... There's a continuity of hippies living at Harbin since at least the 1960s.
To complement Boellstorff's argument for Techne (from the ancient Greek for 'technology' and 'technique'), as craft or art, brought from the actual world into virtual worlds, I develop here an argument for 'communication' – which is more of an argument for information, language and communication – the information aspect of 'information technology' - than for crafting or making things as what is significant about virtual worlds such as Second Life (per Boellstorff), – where information gives form to the 'virtual' via multimedia. Vis-a-vis an ethnography of actual and virtual Harbin, the history of virtual Harbin, this occurs both in terms of the symbolic richness of actual Harbin especially with respect to hippy, New Age thinking and articulations, as well in the way computer languages and codes gives form to virtual Harbin, and here the Making an Ethnographic Field Site vis-a-vis virtual Harbin (MacLeod 2009 – url), for the emergence of new countercultural and linguistic forms and processes. Furthermore, I'd like to argue that more fundamental than 'Techne' being brought in from the actual to virtual worlds (Boellstorff 2008:54), is the extension of communication and symbolizing processes due to multimedia narratives in virtual worlds. As a consequence, I'd like to offer a cursory history of communication vis-a-vis emergent multimedia virtual worlds here, beginning with Terrence Deacon's “The Symbolic Species: The Co-Evolution of the Brain and Language” (1997), proceeding through the ancient Greek world and the beginnings of Western knowledge production, via Gutenberg and the printing press, Marshall McLuhan, the academic discipline of linguistics, then Manuel Castells' “The Internet Galaxy,” (2001) and then to colorful and multiple Hindu expressions of divinity, New Age explorations of the divine at Harbin (Heart Consciousness Church), for example, and to the Harbin waters themselves. While theoretical, such an historical examination highlights the significance of symbolic communication vis-a-vis underlying cultural logics of language vis-a-vis virtual Harbin. The significance of such history will highlight, I hope, what's mind-expanding about Harbin in a variety of ways, and complement Boellstorff's emphasis on Techne in understanding virtual worlds.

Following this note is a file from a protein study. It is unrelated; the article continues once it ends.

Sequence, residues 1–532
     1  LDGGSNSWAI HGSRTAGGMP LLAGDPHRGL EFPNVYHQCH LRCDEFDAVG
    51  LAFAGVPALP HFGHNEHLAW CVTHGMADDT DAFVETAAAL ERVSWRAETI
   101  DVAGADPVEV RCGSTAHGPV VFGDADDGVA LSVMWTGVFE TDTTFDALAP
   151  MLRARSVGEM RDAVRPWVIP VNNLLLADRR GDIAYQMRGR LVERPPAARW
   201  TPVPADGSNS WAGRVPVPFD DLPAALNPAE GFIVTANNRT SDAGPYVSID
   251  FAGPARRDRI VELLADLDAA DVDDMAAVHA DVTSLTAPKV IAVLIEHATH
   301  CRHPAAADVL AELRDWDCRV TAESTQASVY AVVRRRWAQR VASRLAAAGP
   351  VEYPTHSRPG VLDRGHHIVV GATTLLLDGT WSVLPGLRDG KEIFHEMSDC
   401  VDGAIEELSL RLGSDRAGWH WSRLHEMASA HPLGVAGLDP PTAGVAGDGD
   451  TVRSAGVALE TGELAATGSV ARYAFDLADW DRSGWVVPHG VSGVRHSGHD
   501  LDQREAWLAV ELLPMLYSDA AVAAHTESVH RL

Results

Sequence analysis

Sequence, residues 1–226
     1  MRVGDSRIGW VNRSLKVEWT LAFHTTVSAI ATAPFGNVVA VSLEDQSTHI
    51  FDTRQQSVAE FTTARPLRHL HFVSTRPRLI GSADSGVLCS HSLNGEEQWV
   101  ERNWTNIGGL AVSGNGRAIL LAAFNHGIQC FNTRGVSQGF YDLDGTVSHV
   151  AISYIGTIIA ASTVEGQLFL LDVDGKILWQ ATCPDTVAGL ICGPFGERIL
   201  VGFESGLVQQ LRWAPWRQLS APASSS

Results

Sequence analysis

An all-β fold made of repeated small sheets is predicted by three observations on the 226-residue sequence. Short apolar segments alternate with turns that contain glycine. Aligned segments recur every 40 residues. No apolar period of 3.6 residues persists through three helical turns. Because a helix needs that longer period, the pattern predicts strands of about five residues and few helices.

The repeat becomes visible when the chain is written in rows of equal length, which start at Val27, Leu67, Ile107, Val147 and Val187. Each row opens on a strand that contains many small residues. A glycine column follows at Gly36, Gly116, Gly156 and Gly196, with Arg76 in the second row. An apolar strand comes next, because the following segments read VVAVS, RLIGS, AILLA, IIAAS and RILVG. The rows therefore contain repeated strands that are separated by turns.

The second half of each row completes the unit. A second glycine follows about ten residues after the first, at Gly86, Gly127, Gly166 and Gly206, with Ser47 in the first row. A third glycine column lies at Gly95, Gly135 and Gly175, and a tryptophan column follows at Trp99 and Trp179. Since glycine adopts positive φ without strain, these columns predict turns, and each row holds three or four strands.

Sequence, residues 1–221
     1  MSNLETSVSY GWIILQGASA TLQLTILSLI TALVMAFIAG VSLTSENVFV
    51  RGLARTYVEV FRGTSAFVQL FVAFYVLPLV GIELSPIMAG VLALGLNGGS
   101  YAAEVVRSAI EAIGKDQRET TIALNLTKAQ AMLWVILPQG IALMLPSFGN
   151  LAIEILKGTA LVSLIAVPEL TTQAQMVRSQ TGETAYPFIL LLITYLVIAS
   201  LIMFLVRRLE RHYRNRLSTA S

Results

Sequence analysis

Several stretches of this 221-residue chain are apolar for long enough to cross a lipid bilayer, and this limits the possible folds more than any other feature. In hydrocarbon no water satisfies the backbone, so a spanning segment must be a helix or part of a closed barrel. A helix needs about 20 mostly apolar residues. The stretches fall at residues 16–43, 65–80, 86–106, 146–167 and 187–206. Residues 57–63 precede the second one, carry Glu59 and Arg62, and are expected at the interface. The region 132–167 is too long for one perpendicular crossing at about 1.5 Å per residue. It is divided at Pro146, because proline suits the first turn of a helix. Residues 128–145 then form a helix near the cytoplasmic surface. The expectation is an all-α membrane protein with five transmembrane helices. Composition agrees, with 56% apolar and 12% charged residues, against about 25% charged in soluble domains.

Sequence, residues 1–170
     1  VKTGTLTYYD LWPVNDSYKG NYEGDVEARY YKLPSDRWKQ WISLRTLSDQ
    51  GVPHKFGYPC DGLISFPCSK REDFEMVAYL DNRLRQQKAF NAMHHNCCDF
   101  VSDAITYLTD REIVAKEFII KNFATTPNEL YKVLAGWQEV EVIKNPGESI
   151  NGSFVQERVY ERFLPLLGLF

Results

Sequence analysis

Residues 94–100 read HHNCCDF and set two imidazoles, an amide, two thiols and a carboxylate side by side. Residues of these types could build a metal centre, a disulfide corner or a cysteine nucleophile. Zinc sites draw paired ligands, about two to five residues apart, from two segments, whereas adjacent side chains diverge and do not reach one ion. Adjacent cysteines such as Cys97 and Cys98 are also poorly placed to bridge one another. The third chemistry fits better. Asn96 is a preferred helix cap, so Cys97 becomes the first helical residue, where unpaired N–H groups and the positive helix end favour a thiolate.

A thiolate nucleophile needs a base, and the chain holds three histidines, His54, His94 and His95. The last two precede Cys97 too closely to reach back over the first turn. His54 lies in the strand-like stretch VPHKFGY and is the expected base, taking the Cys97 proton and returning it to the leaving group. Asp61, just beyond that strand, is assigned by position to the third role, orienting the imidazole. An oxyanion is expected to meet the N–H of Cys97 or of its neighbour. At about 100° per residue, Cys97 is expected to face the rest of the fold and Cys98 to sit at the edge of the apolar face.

Symbolization and language use both give form to kinds of virtuality, as well as are a shared process among human primates, in particular.
(http://scott-macleod.blogspot.com/2010/10/goat-rocks-basin-communication.html - October 5, 2010)